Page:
Lipids

, Volume 36, Issue 2, pp 135–138

Dietary supplementation with conjugated linoleic acid does not alter the resistance of mice to Listeria monocytogenes infection

  • Lori Turnock
  • Mark Cook
  • Howard Steinberg
  • Charles Czuprynski
Article

DOI: 10.1007/s11745-001-0699-3

Cite this article as:
Turnock, L., Cook, M., Steinberg, H. et al. Lipids (2001) 36: 135. doi:10.1007/s11745-001-0699-3

Abstract

Conjugated linoleic acid (CLA) has been used experimentally as a dietary supplement to increase lean body weight and to modulate inflammation in a variety of animal species. In addition, human use of dietary CLA as a supplement to regulate body fat has received both scientific and public attention. No reports have been published regarding the effects of dietary CLA on antimicrobial resistance. In this study, we provide evidence that feeding CLA for up to 4 wk does not alter host defense against Listeria monocytogenes in mice. These findings suggest that the anti-inflammatory effects of CLA do not impair cellular immunity to this intracellular pathogen.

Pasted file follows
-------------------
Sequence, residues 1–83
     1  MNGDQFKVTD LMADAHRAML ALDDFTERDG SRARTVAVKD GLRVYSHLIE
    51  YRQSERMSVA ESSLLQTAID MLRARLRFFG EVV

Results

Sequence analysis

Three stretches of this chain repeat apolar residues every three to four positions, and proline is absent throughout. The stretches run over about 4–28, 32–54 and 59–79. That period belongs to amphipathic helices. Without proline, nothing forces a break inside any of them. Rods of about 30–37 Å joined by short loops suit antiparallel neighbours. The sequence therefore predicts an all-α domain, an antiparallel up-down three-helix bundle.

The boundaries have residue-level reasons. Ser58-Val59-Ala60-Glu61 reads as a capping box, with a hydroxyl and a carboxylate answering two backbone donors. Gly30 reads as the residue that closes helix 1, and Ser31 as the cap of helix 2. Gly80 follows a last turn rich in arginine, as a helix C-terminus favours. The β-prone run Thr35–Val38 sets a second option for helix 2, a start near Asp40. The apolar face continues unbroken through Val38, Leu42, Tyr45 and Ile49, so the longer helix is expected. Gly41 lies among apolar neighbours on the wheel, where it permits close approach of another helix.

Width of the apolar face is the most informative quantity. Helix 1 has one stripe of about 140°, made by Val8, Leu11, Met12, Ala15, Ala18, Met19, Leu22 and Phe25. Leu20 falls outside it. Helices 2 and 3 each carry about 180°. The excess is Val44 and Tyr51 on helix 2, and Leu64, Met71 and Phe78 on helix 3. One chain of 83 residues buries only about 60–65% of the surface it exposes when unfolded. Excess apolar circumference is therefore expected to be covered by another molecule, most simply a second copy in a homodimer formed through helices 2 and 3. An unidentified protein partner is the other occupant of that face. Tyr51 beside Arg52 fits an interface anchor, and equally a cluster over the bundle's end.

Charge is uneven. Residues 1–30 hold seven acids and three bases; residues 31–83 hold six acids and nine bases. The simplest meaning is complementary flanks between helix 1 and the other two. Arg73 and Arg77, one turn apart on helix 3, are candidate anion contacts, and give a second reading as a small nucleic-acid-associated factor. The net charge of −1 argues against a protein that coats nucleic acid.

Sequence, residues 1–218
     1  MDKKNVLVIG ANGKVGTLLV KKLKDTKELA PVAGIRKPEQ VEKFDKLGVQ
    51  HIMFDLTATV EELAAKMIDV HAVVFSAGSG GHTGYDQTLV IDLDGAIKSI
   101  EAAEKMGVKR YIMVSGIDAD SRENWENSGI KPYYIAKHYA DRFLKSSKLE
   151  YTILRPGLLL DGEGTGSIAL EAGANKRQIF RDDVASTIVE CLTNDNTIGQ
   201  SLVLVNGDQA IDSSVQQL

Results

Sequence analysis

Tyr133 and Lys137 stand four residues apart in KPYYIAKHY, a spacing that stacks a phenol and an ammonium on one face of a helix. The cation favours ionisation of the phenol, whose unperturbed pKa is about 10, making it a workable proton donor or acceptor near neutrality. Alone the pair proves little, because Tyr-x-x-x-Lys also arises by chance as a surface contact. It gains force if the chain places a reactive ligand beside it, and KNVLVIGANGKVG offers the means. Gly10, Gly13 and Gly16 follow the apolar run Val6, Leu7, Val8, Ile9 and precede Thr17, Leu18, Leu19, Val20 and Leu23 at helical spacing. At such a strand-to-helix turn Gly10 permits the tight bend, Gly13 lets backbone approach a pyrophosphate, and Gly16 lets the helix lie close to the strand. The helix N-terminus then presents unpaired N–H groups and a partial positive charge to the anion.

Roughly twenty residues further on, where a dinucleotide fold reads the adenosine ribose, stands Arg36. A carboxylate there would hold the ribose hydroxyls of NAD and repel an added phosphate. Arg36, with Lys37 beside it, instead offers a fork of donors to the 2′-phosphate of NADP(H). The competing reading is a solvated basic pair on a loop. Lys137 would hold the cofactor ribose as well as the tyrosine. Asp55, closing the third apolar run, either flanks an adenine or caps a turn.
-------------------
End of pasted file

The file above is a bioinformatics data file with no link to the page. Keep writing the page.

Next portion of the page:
Abbreviations

CLA

conjugated liinoleic acid

IL

interleukin

PPAR

peroxisome proliferator-activated receptor

TNF

tumor necrosis factor

Copyright information

© AOCS Press 2001

Authors and Affiliations

  • Lori Turnock
    • 1
  • Mark Cook
    • 2
  • Howard Steinberg
    • 1
  • Charles Czuprynski
    • 1
  1. 1.Department of Pathobiological SciencesUniversity of Wisconsin-MadisonMadison
  2. 2.Department of Animal SciencesUniversity of Wisconsin-MadisonMadison

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